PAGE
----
This site is operated by a business or businesses owned by Informa PLC and all copyright resides with them. Informa PLC's registered office is 5 Howick Place, London SW1P 1WG. Registered in England and Wales. Number 8860726.
have been a game designer for nearly 20 years, mostly in the adventure
game arena. However, at the moment, I'm doing something completely
different, working as Creative Content Director for the online gaming
site, WorldWinner.com, and for the first time in my life creating
games that are pretty much devoid of story and character, which
is pretty ironic given this articles topic: "Building Character:
An Analysis of Character Creation."
First, some terminology 101. This is real basic stuff, but just bear with me for a minute for the sake of those who aren't familiar with these terms that I'm going to be bandying about for the rest of the talk.
The distinction between player-characters, or PCs, which are characters under the player's direct control, and non-player-characters, or NPCs, which are all the computer-controlled characters in the game. The main thrust of this talk will be PCs.
with the category of PCs, is the distinction between first-person
and third-person point-of-view, or POV. With a first-person PC,
you're seeing the gameworld through the PCs eyes; examples would
be Myst, or Quake. With a third-person PC, you can
see the PC as you move him or her through the game world; examples
would be Kings Quest or Tomb Raider. First-person
PCs are often styled to "be" the player, as if the player
were injected into the gameworld, in which case the PC is left characterless
in order to preserve the fiction that you are the main character,
and first-person games don't deal with the visual appearance of
the PC, so its more rare in a first-person game to have a PC with
a strong, fleshed-out characterization. Some games switch back and
forth, such as the Tex Murphy games, Under a Killing Moon and so
forth, which use a first-person POV for the gameplay, but use a
third-person view for the cut-scenes, the movie-like non-interactive
When we talk about creating a character in a game, we're usually talking about characterization, which is everything observable about a character: what they look like, sound like, how they move, how they dress, intelligence, attitude, career, and so forth. I'll be focusing on characterization for the first and longest part of this talk.
on the other hand, refers to what's underneath — the human
heart, the essential nature. I'll be dealing with true character
during the second part of this talk.
of Character Development
The first question to deal with is why is good characterization important? Of course, this is dependent on the type of game; if it's a real-time strategy game, for example, with its relatively distant point-of-view, and its large quantities of interchangeable units, characterization isn't that important. So for today's purposes, let's stick to games where character is important, such as adventures, role-playing games, action-adventures, platform games.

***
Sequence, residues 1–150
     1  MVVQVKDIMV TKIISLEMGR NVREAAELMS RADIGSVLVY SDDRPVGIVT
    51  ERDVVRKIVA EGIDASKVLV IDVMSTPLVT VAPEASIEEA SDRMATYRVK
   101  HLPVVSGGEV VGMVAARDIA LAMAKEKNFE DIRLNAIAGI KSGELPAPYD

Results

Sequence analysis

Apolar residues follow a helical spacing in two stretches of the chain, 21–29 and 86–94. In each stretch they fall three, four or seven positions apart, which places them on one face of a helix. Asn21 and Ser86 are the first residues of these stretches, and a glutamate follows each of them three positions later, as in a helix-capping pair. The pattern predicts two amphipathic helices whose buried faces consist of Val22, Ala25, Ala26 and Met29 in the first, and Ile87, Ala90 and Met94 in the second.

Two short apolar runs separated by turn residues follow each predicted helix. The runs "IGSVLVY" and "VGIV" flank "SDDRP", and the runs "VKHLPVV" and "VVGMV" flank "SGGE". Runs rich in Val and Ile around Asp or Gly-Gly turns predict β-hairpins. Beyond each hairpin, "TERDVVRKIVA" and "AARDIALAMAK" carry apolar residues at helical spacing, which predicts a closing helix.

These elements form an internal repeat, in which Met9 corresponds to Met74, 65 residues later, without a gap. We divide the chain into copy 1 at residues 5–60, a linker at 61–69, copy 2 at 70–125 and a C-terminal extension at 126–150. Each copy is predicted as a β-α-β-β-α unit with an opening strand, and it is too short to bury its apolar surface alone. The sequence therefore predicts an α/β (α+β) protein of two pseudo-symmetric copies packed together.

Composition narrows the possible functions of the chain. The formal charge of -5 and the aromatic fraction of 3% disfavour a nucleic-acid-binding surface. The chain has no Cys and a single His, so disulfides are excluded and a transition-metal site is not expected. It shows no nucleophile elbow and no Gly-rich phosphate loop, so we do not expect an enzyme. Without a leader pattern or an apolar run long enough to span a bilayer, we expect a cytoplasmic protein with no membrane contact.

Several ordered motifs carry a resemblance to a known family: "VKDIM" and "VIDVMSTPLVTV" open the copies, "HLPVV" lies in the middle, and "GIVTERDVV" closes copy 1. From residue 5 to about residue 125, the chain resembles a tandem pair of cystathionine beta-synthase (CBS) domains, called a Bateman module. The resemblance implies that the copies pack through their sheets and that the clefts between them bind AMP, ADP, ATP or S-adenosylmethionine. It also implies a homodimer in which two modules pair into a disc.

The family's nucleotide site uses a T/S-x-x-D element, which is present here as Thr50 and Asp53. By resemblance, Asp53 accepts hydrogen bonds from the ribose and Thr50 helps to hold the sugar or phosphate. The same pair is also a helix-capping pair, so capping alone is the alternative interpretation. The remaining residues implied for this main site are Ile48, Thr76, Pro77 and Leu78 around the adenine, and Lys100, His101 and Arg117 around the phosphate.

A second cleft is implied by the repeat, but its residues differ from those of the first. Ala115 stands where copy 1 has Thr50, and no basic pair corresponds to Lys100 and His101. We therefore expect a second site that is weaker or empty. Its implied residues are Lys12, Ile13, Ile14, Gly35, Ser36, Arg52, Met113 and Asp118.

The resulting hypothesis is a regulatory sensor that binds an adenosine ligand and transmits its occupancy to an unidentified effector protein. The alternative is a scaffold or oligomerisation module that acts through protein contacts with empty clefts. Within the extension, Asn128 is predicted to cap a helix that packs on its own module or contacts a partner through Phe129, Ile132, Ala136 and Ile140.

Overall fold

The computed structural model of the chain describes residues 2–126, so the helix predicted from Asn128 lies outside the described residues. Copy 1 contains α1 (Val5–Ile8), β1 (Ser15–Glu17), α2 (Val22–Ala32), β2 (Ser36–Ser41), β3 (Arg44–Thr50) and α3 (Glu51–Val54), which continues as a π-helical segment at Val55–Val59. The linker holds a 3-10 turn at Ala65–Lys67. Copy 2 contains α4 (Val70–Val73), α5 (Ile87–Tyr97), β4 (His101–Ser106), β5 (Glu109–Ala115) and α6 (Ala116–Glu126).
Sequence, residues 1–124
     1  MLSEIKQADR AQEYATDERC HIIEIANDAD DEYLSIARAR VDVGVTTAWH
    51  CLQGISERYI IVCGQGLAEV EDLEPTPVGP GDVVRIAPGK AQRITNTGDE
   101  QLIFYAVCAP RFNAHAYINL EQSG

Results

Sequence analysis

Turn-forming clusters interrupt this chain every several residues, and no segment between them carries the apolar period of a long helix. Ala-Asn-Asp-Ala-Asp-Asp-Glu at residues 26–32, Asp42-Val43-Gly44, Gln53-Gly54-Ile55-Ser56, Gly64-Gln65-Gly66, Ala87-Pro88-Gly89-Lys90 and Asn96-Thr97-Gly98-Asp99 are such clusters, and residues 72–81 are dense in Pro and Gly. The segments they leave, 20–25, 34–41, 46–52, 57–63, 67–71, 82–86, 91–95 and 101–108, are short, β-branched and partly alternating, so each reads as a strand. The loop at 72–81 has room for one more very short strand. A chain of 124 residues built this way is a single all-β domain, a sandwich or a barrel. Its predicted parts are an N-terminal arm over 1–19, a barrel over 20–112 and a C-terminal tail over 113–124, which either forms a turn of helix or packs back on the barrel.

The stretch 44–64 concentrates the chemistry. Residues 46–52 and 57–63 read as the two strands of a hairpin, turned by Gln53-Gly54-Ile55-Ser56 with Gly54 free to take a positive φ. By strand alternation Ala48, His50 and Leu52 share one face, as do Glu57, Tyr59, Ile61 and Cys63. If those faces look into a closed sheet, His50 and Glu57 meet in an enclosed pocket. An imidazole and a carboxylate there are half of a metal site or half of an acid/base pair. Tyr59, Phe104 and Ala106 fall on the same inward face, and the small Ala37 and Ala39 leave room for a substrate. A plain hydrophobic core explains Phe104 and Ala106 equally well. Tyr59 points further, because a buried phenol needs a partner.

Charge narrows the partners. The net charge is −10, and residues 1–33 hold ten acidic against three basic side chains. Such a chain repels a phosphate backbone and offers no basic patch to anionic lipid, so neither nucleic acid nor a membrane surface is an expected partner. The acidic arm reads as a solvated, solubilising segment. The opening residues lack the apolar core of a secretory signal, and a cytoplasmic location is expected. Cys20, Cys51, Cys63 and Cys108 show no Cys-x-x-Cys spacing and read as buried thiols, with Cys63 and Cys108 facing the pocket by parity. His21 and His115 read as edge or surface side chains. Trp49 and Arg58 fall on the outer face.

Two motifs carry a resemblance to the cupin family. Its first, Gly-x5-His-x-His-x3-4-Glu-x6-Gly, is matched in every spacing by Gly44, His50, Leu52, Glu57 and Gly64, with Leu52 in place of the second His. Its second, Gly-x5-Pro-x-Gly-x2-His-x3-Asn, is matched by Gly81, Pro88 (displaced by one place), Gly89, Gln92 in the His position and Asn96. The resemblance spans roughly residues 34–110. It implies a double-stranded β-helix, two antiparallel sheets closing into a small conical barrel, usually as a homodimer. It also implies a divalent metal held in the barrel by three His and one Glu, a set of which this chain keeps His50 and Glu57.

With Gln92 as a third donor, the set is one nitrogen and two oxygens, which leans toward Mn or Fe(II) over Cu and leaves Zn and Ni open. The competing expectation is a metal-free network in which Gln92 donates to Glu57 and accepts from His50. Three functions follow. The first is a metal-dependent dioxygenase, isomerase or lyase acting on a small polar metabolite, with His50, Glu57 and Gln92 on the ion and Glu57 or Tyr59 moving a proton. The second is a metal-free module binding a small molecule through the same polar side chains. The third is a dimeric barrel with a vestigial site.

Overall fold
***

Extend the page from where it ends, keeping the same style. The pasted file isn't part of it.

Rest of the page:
Of all the aspects of such a game — the geography, the inanimate objects, the music, the action sequences, the interface, etc. — the element that is most likely to leave a positive lasting impression on players are the primary character or characters. Humans are hard-wired to respond to other humans (or human-like creatures).
This point was driven home for me a couple of years ago, when my son went through a period of extreme interest in The Three Stooges. He bought himself a life-size cardboard stand-up of the Stooges, and kept lugging it around the house and leaving it in different rooms. I kept walking past a room and spotting it for brief moment, out of the corner of my eye, and just that glance would often cause the most visceral, startled reaction. This continued even after the damn thing had been around the house for months.
you're going to expect players to spend dozens of hours with a character
you're creating, at the very least you want that character to be
interesting, easy to identify with, and hopefully very likeable
as well. The more a player can get into the skin of the character
or characters they're controlling, the more the experience becomes
something that's happening to you, rather than something you're
doing. Also, a strong central character serves as an almost iconic
representation of the game, which is damn useful as a shorthand
for facilitating word-of-mouth, and is useful for all sorts of marketing
hooks; furthermore, a successful character is a good, perhaps even
the best, way to build a franchise.
Let's look at a list of some of the most well-known and successful game characters:
Certainly not a comprehensive list, and I'm sure just about everyone here could come up with a handful of good additions to this list with half-a-minutes thought. But it's a good, representative list, with characters from a number of different genres; a mixture of characters aimed at children, adults and at a crossover audience; a mixture of males, females, animals, and various fantasy creatures. But what they all have in common is that they're the focus of their respective games, and have spawned sequels, in some cases many sequels in addition to spin-offs into TV shows, movies, books, card games, action figures, and so forth. In other words... a franchise.
the way, I'm only going to be dealing with characters originally